Crossfit Stockholm Syndrome, Do You Have It?
By Brian Vernetti
Back in 2008, my Fire Academy used Crossfit as a hybrid to help get us in shape. They didn’t use the “Crossfit” name lest they be subject to paying the affiliation costs- regardless, my lead PT instructor Steve had my academy class perform countless burpees and other similar HIIT (High Intensity Interval Training) exercises that one may now associate with Crossfit.
From that point on I wanted to be a Crossfit instructor, whatever that meant. After we graduated, I went up to Steve and asked what I could do to be a Crossfit instructor. He kindly told me to skip the Crossfit certification and get a real personal training certificate. Wait, what? What did he mean? After all, he never openly said that we were doing “Crossfit workouts,” but just wore a black Crossfit hoody with a burning skull on the back. I associated that skull with the pain I felt during his workouts. I figured with the workouts that we went through it was the end-all be-all. Little did I know, I was terribly mistaken. He only used some of the Crossfit training modalities during academy. His outside research other other training credentials were able to aid in a well-rounded PT program, that we thoroughly regretted 2-3 times a day during the six month academy.
Fast forward two years, hundreds of exercise sessions later, plenty of academic reading and an ACSM Personal Training certification, Steve was 100% right. The Crossfit training method is something that can be highly effective but it often negates the medical and personal training side of things; perhaps two of the most important aspects of exercise. Don’t forget about Crossfit's renowned reputation for high repetitions with heavy weights and advanced movements.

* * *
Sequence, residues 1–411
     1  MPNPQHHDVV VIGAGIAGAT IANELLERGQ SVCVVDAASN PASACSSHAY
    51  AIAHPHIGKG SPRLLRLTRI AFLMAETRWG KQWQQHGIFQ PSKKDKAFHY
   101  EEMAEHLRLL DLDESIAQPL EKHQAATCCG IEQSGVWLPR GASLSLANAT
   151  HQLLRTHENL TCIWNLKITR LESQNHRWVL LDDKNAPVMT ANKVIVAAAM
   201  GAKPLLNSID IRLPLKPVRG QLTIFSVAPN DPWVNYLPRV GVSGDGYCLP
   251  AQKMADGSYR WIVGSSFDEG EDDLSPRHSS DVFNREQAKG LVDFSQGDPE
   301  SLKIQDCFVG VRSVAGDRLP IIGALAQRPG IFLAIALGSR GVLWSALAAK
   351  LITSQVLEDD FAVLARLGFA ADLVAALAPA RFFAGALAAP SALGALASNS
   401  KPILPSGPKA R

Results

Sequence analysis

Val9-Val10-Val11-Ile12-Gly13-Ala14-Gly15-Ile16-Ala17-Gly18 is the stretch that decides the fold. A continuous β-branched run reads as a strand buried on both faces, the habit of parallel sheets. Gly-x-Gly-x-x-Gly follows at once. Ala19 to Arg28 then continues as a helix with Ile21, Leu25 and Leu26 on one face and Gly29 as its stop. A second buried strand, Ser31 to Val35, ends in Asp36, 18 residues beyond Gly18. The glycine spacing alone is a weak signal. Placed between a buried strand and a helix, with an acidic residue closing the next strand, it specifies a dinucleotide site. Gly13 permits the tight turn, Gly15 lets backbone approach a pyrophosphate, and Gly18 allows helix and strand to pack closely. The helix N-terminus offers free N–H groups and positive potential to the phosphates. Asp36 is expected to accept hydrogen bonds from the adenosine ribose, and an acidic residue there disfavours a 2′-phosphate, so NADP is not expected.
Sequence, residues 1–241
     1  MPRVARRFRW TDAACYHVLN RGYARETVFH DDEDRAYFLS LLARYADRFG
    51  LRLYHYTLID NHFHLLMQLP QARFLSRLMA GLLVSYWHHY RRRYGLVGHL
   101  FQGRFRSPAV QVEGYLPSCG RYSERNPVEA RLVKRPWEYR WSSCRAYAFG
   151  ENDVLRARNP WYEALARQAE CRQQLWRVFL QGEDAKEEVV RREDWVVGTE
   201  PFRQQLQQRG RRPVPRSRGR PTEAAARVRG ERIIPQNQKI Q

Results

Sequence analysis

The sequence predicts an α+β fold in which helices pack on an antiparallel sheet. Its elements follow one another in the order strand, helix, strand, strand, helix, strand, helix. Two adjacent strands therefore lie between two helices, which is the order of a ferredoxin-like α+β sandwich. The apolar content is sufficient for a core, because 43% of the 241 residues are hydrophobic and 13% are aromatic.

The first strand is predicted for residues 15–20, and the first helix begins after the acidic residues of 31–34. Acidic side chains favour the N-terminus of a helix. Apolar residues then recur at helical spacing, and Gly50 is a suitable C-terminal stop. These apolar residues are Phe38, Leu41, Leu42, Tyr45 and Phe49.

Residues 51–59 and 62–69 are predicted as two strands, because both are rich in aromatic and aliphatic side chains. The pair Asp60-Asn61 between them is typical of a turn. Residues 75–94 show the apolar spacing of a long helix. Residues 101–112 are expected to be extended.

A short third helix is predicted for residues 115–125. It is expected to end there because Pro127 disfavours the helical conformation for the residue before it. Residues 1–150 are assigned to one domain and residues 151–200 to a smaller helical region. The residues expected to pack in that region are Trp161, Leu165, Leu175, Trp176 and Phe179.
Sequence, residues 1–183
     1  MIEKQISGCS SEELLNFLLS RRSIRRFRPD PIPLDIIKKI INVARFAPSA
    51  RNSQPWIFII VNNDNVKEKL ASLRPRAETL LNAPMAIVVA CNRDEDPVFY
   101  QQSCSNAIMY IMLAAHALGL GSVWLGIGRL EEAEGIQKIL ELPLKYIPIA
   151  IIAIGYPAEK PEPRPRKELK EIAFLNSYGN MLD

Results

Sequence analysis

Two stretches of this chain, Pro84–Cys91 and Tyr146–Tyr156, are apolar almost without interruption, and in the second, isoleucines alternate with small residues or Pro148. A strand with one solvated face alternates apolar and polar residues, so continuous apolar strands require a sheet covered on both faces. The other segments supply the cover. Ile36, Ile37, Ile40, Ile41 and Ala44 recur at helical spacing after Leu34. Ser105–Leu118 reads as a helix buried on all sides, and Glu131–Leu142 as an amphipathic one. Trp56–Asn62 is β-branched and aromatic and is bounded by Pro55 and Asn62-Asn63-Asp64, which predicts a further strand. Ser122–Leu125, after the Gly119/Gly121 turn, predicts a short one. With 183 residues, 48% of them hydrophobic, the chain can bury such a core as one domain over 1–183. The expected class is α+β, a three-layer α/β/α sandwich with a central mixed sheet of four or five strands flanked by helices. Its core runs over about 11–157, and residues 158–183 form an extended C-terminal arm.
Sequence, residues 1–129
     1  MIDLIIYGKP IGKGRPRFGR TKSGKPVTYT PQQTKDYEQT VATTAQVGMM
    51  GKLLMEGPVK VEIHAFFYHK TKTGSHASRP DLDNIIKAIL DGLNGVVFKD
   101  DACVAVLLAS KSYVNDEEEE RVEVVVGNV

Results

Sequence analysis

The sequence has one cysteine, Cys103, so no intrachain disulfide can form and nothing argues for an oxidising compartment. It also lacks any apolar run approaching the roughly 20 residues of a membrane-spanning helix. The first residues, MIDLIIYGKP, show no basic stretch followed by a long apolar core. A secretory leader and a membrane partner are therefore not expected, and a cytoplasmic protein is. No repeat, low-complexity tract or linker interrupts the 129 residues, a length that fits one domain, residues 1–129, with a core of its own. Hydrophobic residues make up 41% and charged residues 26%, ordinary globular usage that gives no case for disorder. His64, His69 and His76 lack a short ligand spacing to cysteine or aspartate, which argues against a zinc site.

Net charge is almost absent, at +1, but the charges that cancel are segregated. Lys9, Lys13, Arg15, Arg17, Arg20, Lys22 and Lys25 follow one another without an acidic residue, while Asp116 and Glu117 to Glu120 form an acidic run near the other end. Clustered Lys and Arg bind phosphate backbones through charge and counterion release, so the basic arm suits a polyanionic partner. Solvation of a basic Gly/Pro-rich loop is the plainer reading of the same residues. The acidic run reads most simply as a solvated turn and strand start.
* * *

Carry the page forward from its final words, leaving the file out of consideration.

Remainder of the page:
Since its founding in 2000, Crossfit has become an international phenomenon. It has gained popularity by touting highly difficult and advanced workouts that emphasize the nitty gritty side of exercise. The elite athletes, both male and female, are physical specimens able to push themselves beyond what is expected for any exercise regimen up to this point in fitness history. The workout difficulty and group atmosphere is quite a fantastic marketing campaign. If you struggle with the workout, you struggle with the rest of your fraternity/sorority. So what is not to like?
With such a surge in Crossfit memberships across the country in the past 18 years, the upper echelon of Crossfit (mainly Greg Glasman- who by the way, is a very poor representation of a 100+ million fitness business) have sought after organizations like the American College of Sports Medicine and the National Strength and Conditioning Association to delegitimize their accreditation processes. Ironically, those PT certifications should be replaced with Crossfit training certifications. Strangely beneficial for the Crossfit corporation. The boost in Crossfit level certifications have narrowed the training modalities down to what Crossfit approves of and doesn’t approve of. This type of in-house credentialing is attempting to streamline the type of training across the world but is simply resulting in a narrow-minded incestuous fitness business.
This close-minded philosophy of training is hard to debate based on the success of the company. However, despite the success, one must begin looking beyond what the public sees during the Crossfit Games or during the Regional competitions. The various Crossfit gyms (Crossfit Box, aka "Box") across the world have continuously prescribed advanced workouts (WODs, Workout of The Day) that the “average Joe” attempts to work at. The workouts are so difficult, that they are often modified to allow for completion by changing the movement patterns, repetitions and weight.